Jim

Axel Kassel writes:

Of course not. Next question.

p writes:

If we allow scarcity to influence price, then we might as well let willingness to pay influence price as well. Utter nonsense! Not at all FAIR

Jim Glass writes:

It's always a conspiracy when gas prices are rising.

It's never a conspricy when gas prices are falling.

Matthew Peppe writes:

I see no relation between the pricing behavior and a smaller number of firms. Being responsive to market changes isn't a problem, it allows more efficient distribution of resources. It certainly doesn't imply any problems with competition. I don't follow Brock's reasoning here.

Edge writes:

It is quite likely the spring increase in gasoline prices, as every year, is driven by a couple of factors.

One is the shift from the heating season to the driving season.

A second is a shift from the winter formula, I believe for VOCs, to the summer formula, which requires switching over refining processes.

How those exactly feed into unrefined oil prices and inventories, I don't know.

Bob Knaus writes:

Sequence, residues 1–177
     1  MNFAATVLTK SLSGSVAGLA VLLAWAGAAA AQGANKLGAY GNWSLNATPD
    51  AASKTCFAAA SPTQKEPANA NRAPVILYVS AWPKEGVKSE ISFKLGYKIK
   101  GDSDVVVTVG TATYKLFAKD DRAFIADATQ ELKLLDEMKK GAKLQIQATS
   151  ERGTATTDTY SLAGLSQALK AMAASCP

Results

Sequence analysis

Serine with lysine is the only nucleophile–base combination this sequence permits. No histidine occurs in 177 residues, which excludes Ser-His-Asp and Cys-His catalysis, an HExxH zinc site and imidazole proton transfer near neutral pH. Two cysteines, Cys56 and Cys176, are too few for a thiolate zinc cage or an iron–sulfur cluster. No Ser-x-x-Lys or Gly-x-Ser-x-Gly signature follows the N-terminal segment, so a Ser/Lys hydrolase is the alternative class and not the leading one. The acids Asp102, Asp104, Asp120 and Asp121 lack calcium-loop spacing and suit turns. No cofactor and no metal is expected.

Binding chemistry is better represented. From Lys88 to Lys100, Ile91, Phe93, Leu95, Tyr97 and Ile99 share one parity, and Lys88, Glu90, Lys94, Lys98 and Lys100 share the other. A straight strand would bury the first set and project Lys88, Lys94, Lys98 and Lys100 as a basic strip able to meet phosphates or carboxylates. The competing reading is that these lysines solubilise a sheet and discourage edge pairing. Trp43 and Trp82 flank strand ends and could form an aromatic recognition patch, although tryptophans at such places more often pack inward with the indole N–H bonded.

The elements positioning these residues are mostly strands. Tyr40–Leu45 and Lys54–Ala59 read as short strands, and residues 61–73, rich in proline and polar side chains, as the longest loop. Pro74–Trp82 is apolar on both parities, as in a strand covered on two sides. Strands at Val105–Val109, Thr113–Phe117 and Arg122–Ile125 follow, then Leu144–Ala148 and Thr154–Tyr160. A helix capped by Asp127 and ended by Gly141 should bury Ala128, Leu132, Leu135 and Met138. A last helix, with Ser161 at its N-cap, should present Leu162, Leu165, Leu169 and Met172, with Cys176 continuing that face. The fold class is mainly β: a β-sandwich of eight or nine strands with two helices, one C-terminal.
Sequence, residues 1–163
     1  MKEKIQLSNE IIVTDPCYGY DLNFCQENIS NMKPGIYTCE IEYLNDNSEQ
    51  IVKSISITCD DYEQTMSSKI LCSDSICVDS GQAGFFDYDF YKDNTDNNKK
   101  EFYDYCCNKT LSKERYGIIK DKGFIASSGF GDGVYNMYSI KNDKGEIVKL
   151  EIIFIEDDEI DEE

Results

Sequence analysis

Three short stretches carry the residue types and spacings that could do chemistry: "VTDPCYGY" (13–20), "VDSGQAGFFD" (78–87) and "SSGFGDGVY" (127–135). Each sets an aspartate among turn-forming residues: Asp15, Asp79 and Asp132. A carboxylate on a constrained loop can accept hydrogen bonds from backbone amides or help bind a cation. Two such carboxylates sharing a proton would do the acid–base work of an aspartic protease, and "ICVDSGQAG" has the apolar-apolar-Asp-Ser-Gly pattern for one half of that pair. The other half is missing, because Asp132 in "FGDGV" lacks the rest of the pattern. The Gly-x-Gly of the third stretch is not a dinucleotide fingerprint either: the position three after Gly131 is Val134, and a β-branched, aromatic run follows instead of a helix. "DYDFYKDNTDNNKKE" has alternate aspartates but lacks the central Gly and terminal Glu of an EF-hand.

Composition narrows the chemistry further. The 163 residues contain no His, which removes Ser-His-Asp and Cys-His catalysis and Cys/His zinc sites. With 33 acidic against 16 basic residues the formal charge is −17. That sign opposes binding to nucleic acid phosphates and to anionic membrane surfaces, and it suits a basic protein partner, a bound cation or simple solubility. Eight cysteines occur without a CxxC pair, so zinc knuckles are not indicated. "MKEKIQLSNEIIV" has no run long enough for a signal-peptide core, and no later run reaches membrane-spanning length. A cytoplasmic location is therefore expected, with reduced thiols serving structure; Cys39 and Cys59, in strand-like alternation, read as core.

Absolutely! A fabulous idea! Many people today are too young to remember the price conrols of the '70s. Or, they have forgotten. We should do it today, just to give everybody an awful experience. That should dampen the clamor for price controls for another generation.

Think of it as a social vaccine. By injecting a small but painful bad idea into the national experience, you innoculate the populace against outbreaks of worse bad ideas.

Hopefully we won't need a booster shot too often :-)

Ian Lewis writes:

From what I understand, the Federal Government could reduce gas prices by $0.50 per gallon by eliminating the Federal Gas Taxes.

Mark Bigelow writes:

Price controls? Did we learn nothing from Nixon?

Randy writes:

Ian,

Amen.

spencer writes:

During price controls -- remember we had universal wage-price controls, not just on gas under NIxon -- I always thought you should find a way to invest in the sign companies. They seemed to be the only ones to benefit from it.

Why are you asking this question -- trying to find someone that thinks it is a good idea?